months in which those staunch, faithful and
true men and women of the Russian Revolution fought side by side with us in our own
movement shed a bright glow upon this first
anniversary of the Soviet Republic, for we feel
that we are flesh of their flesh and spirit of
When Trotzky landed here his name was
known only to his own countrymen and to a
handful of German Socialists. In the ten weeks
of his stay he had become one of our most
popular speakers and writers. Notwithstanding
the difficulties that lie in the way of a man understanding and speaking only a few words of the
English language, in not quite three months
Trotzky played such an important part in the
party movement of the City of New York
that the future promised much for him and
for the ideas and forces that he represented.
Had Trotzky remained a year in the United
States, our movement would have found in
him a great and splendid leader.
For Trotzky is born to lead men. His unusual talent as a speaker won the hearts and
minds of his hearers everywhere. Without
pose, strikingly free from the arts and arti-
rices that most speakers use to enhance the
effectiveness of their speeches, he was yet able
to stir an audience of thousands with the
same personal magnetism that made itself so
unmistakably felt in the smallest gathering.
And to his great credit be it said that Trotzky
was always as ready to speak to twenty persons as he was to address a mass meeting" ot
as many thousands—unlike so many of our
miniature "leaders" who consider it beneath
their dignity to speak to small audiences.
Leon Trotzky belongs to that rare class of
Socialist speakers who are at once theoreticians and propagandists. In his speeches, in
other words, there was nothing of gray, dry
and abstract theory. He used the events of
the day to prove the reality of Socialist
theory, he made them the basis of scientific
research and explanation. Thus every one
of his speeches became a discussion of scientific Socialism, a profession of faith in the
theories of Marx, and at the same time,
a plea for development away from the old,
outworn tactics of pure and simple parlia
mentarism to a live stirring up of the masses,
to revolutionary mass action.
Trotzky's political method is the historic
method. Like a red line this historic materialistic conception of world development permeates his speeches and his writings. He applies it mercilessly and unsparingly to every
new situation that arises, analyzing it in the
light of its historic and its material background, dividing what seems to others an inseparable whole into its component parts. And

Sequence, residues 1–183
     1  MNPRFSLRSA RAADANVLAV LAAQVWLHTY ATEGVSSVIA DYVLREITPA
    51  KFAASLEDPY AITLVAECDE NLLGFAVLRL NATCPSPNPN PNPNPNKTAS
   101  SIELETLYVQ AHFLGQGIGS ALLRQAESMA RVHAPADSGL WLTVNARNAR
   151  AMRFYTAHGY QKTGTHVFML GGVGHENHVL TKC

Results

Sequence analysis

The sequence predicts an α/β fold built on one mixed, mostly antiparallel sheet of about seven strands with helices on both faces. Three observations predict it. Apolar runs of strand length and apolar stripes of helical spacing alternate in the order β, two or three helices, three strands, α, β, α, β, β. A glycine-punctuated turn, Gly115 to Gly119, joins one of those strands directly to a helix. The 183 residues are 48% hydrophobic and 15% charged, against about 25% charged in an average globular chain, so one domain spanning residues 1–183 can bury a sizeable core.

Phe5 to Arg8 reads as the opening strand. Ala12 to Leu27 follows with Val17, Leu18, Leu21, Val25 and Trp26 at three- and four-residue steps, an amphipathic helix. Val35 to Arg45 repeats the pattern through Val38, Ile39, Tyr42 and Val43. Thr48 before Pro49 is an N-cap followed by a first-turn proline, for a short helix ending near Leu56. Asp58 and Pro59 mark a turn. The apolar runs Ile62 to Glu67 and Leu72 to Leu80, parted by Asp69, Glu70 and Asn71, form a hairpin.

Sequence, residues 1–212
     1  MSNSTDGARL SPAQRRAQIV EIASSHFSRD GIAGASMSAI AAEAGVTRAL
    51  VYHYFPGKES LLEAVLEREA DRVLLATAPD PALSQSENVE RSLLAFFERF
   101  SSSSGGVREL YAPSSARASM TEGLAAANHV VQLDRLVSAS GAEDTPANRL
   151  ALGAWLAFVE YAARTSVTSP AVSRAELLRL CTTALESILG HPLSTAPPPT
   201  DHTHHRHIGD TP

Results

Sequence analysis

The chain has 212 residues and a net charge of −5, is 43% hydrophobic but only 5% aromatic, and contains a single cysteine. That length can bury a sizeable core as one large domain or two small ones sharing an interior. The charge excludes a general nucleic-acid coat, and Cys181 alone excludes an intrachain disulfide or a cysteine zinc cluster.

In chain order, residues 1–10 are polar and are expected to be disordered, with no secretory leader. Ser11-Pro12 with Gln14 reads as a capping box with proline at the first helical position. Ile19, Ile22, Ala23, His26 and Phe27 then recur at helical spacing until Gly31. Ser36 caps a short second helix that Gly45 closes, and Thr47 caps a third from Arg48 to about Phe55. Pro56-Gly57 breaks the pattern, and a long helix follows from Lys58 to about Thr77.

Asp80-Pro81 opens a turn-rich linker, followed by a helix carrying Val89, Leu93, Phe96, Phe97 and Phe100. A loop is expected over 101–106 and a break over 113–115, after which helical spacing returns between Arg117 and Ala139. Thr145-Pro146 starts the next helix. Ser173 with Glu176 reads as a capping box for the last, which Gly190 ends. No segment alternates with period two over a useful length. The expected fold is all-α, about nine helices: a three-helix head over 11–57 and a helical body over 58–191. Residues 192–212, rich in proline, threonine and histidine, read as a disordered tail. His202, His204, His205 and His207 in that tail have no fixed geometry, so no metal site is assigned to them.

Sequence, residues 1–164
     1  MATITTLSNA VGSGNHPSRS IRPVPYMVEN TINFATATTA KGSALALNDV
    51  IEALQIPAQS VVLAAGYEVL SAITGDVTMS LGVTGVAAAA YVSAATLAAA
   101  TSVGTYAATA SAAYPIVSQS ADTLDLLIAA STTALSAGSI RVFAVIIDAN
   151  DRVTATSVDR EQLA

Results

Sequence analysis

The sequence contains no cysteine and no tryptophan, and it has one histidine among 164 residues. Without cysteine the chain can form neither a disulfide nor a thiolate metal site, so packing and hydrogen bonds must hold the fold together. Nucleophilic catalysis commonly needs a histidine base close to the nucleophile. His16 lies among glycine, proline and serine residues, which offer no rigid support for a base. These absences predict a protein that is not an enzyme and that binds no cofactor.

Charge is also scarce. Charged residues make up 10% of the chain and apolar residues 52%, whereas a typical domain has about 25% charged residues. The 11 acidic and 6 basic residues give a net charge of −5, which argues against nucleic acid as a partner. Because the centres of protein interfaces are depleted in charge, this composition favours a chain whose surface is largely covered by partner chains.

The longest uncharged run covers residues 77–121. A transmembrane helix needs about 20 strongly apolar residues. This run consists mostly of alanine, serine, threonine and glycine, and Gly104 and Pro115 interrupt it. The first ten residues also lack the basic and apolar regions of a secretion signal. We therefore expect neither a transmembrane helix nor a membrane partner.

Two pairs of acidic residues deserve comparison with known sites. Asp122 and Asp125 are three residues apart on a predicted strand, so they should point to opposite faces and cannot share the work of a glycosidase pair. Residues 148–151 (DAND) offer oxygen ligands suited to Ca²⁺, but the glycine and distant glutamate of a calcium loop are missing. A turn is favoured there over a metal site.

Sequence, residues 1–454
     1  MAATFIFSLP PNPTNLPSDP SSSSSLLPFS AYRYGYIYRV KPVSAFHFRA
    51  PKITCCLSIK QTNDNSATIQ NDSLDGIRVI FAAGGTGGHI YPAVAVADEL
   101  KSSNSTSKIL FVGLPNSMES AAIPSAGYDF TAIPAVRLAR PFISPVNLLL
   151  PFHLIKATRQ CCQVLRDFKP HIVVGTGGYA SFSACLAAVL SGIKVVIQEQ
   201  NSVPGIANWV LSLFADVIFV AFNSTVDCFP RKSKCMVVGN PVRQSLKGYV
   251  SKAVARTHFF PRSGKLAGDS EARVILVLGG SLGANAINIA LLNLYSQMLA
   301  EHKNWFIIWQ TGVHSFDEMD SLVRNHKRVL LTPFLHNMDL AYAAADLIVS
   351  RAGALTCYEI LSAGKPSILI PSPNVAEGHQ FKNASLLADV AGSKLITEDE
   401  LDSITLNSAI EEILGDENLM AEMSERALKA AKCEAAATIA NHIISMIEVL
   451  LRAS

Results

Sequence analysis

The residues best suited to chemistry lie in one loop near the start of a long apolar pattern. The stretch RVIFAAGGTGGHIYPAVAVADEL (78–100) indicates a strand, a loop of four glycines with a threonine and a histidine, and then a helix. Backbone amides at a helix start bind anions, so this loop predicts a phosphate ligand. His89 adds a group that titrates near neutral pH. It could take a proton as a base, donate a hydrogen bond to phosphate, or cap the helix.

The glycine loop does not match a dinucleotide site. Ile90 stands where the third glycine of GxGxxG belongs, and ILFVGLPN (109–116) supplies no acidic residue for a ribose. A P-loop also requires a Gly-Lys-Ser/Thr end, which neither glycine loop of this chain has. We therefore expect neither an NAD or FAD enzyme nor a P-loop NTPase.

then in one bold stroke, with the keenness and
certainty of an inspired prophet he reveals
coming events while they still are hidden behind the dark curtain of the future from the
eyes of ordinary mortals.
Like all Russians, he is an inspired pamphleteer. In less than no time, almost as if by
magic, he produces one brochure after the
other as event follows event. What would
take another months to produce he accomplishes in a few days. And then thousand
times more effectively.
Every single phase of the Revolution is
treated with a clearness of vision that amounts
to genius; in them the great social revolution
of the Russian proletariat has been chronicled.
One of Trotzky's books, "From the October
Revolution to Brest Litovsk," that will make
its appearance shortly in the English language, is an excellent example of this method.
The freshness of style, the sureness of its presentation remind one forcibly of Karl Marx's
"Eighteenth Brumaire." In this brochure of
about one hundred pages the author gives us
an undying picture of the third phase of the
Russian Revolution. Trotzky, the far-seeing
statesman, the brilliant journalist, the enthusiastic agitator, is not a pioneer in thought and
creation as Marx was.
But far more than the founder of the
modern socialist movement, he stands in the
roaring current of events and is therefore
destined to play an important role in their
historical development. His analysis thus
becomes, in a certain sense, more forceful than
that of the socialist master. It is more spontaneous, more empirical, it is reality, life itself.
It is a noteworthy fact that in every country
Russians have taken a leading part in the
national movements. This is not only because